The tangled web of international organizations that constitutes global governance has become so remote and ineffective that few count on it to deliver results anymore. Now, after decades of turf wars and self-marginalization, international organizations must rally around an increasingly pressing global priority: sustainable urbanization.
The world is undergoing an unprecedented and irreversible wave of urbanization, with the share of the global population living in cities set to reach 60% by 2030. But rapid urbanization is driving up industrial fossil-fuel consumption and household water consumption, and is increasing demand for food in areas where arable land is scarce. In short, the current urbanization trajectory is not sustainable.
But existing efforts to alter the situation remain woefully inadequate. While the United Nations General Assembly has tasked its agency for human settlements, UN-HABITAT, with promoting sustainable urbanization, the agency lacks the influence to ensure that this vital issue makes it onto the global agenda.
Moreover, international development players – including UN agencies, NGOs, corporate citizenship programs, and other charitable organizations – rarely coordinate their activities, even though their interventions are increasingly concentrated in densely populated cities.
Given that promoting sustainable urbanization and improving coordination would bolster progress in other priority areas (including women’s rights, climate change, youth unemployment, and literacy), sustainable urbanization must become a bureaucratic priority. And it must be complemented by a technological disruption, with investments channeled toward developing and distributing innovations that would make cities more livable, efficient, and sustainable.
In fact, many useful innovations, such as energy-generating building materials and zero-emissions transportation, already exist; they simply need to be made accessible to those who need them most. Devices like small-scale water-filtration systems, portable heart monitors, and low-cost tablet computers are already dramatically improving the lives of the world’s poorest citizens and helping to level the economic playing field.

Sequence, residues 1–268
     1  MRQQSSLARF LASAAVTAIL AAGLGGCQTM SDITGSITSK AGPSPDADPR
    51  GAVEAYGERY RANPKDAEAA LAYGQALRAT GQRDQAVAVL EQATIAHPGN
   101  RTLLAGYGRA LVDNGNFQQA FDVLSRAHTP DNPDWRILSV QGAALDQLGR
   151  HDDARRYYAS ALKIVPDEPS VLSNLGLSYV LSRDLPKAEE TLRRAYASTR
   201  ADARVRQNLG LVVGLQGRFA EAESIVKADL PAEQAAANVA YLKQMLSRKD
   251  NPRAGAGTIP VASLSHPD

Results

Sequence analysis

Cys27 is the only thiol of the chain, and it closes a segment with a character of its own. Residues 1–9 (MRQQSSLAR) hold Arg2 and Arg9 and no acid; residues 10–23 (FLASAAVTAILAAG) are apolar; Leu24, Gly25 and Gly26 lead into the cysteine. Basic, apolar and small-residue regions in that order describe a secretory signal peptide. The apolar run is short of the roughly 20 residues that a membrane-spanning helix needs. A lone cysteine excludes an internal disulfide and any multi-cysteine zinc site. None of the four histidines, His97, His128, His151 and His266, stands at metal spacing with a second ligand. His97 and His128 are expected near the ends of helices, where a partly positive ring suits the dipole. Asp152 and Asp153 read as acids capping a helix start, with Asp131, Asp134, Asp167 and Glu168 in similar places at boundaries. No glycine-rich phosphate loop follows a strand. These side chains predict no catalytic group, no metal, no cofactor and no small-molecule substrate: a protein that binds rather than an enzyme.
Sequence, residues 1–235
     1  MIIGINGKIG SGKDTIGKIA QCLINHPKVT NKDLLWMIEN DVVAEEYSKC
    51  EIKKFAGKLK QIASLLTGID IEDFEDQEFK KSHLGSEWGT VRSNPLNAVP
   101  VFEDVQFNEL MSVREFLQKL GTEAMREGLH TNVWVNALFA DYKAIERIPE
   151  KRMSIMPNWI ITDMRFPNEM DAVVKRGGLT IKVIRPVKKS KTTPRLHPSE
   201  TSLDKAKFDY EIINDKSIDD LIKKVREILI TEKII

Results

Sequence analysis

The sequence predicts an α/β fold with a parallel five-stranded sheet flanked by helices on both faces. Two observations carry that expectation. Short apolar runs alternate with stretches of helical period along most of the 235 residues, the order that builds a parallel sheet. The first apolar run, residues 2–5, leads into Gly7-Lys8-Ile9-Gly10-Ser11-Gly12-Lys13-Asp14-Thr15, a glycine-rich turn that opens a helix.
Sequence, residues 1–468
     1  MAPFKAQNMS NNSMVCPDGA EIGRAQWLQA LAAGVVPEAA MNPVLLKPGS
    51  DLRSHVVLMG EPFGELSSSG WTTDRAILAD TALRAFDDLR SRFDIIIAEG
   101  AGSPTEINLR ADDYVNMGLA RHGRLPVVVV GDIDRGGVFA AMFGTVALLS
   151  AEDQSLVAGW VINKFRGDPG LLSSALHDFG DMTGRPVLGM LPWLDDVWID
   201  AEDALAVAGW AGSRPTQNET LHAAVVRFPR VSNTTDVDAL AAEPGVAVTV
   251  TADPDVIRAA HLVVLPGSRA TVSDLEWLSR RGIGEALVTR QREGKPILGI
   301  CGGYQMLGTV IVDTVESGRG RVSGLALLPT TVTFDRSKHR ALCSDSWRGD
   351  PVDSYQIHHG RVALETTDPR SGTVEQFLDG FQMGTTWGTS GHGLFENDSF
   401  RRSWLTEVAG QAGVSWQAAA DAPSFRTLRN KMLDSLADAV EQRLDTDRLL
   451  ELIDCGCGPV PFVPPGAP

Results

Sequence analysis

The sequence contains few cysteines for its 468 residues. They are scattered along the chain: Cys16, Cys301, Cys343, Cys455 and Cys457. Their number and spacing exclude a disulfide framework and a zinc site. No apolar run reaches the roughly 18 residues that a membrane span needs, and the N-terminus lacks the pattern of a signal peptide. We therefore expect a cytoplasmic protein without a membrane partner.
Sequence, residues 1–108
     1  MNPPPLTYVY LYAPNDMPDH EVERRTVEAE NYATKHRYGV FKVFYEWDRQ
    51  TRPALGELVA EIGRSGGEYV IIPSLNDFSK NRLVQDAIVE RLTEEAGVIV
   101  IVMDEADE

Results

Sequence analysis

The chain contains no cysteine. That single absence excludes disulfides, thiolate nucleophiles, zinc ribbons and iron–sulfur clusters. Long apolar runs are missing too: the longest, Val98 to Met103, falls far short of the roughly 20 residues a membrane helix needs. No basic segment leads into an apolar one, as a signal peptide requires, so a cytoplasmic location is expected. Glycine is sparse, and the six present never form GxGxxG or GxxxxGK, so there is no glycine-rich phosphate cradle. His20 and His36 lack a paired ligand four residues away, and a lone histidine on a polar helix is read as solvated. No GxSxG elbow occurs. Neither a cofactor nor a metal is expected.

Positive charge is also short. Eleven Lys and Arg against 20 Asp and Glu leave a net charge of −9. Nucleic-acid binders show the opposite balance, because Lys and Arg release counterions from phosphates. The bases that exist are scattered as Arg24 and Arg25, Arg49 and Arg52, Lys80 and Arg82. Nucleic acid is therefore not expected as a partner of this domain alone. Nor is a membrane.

The future impact of global governance rests on forging new alignments that facilitate the flow of vital knowledge and technologies from an increasingly diverse array of sources to urban populations worldwide. The tools needed to make urban life more sustainable are no longer flowing only from North to South and West to East. China has taken the lead in exporting solar photovoltaic cells, while clean-tech parks are arising even in the Arab world.
Governments, companies, supply-chain managers, corporate-citizenship strategists, NGOs, and others should commit to reducing their carbon footprints and to leveraging their resources to contribute to sustainable urbanization. Opportunities to make such contributions are appearing constantly – and across all sectors.
In construction, for example, contractors are forming partnerships with labs to test materials that better reflect heat while absorbing energy to power cooling systems, and utility companies are leveraging new software tools to deploy smart meters in homes and offices. Two US cities – New York and Seattle – have raised efficiency standards for new construction to record levels.